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Tax rebels sideline Eyman New Permanent Offense leaders still haven't seen the money
Richard Roesler - Staff writer
OLYMPIA _ Tax rebel Tim Eyman still has the $202,000 he paid himself from campaign contributions over the past two years, and remains a valued -- if silent -- partner in the citizens initiative machine he helped found.
So said Eyman's behind-the-scenes colleagues, three Eastern Washingtonians who have taken the reins of Eyman's political group, Permanent Offense. Eyman confessed Feb. 3 to pocketing the money and lying about it for months, and went into seclusion shortly afterward.
"He is back," the group's new spokesman, retired Kennewick engineer Monte Benham, said Tuesday of Eyman. "He's just sitting on the bench right now."
It remains unclear whether Eyman will ever pay back the money. In his emotional confession, he said he spent $45,000 on his family. The rest, which he gradually paid himself while claiming that it was merely a campaign war chest, remains in Eyman's private bank account.
The state Public Disclosure Commission last week launched an investigation. It said Eyman appears to have paid his private, for-profit corporation more than $226,000 over the past two years, a figure higher than Eyman has admitted.
The PDC's main concern is whether the spending was reported properly on campaign forms. It's perfectly legal for campaigns to use donations to pay workers, although Eyman has said he regrets lying about taking the money.
Benham said giving back the remaining $157,000 -- or more, if the PDC's figures are right -- is up to Eyman.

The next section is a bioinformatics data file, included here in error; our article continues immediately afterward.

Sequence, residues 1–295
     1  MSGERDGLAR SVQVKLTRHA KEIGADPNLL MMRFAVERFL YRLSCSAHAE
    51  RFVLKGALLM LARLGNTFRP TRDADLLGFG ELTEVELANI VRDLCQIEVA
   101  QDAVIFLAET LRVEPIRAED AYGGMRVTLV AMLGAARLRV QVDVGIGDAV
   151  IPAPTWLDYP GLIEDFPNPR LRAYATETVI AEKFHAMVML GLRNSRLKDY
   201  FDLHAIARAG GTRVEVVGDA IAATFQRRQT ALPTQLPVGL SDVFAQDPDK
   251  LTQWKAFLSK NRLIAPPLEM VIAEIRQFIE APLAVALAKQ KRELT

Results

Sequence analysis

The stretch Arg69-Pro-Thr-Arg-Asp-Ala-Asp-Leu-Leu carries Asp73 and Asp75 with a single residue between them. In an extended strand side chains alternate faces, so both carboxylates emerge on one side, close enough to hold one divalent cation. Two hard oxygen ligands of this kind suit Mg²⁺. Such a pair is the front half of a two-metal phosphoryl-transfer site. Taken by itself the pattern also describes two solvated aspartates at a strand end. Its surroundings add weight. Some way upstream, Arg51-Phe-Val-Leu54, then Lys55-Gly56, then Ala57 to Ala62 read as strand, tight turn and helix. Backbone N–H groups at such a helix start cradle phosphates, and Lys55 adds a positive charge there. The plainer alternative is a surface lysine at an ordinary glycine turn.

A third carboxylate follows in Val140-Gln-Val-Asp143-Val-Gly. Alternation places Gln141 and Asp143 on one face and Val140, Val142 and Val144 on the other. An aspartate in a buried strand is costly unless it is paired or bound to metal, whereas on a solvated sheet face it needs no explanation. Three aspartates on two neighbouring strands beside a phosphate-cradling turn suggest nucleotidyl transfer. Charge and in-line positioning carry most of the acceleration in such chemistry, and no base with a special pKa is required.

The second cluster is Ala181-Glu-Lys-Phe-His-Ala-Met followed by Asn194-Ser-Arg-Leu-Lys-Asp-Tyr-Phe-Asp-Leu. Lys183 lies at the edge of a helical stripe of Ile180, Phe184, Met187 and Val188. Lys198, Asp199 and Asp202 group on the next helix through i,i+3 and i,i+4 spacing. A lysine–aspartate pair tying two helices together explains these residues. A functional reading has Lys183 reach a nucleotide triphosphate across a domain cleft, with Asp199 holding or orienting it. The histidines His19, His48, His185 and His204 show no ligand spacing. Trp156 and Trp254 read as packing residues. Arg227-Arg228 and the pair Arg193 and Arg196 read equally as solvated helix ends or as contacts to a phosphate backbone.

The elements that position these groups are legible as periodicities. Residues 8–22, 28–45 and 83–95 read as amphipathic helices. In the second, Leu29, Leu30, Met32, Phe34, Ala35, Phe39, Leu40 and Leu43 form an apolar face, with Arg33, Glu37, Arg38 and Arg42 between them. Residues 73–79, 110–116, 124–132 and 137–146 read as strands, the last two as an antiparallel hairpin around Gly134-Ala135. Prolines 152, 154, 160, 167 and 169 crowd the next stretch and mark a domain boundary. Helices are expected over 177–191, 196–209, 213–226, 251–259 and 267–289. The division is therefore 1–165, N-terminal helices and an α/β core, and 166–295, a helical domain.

"It is his decision to make," said Benham, 65. "We're just giving him some time."
The group also is not ruling out the possibility of paying Eyman -- or other group leaders -- in the future.
"If we decide we're going to be paid a salary, you'll be the first to know," Spokane retiree Jack Fagan told reporters at an hourlong news conference Tuesday in a parking lot outside the secretary of state's Olympia office.
Benham, Fagan and the group's other leader, Fagan's son Mike, also of Spokane, all said last week that they wanted Eyman to return the unspent $157,000. But Benham said Tuesday that the group members have no control over Eyman's private bank account.
Pressed on whether that means that Permanent Offense is letting Eyman keep the money, Benham said, "We're not `letting' him keep anything. It's his decision."
In one of his last public statements more than a week ago, Eyman said he would leave it up to the group's supporters to tell him what he should do with the money.
Asked if more money is going to Eyman, Jack Fagan said "At this point, no. Period."
Eyman, the group's charismatic front man, hasn't spoken publicly since Feb. 4, when he held an emotional early morning news conference at the post office in his hometown, Mukilteo. The night before, Eyman had called longtime Associated Press reporter Dave Ammons at home in Olympia. Ammons, roused from watching the Super Bowl on TV, listened as Eyman confessed. Ammons then wrote the story that appeared on newspaper front pages the following morning.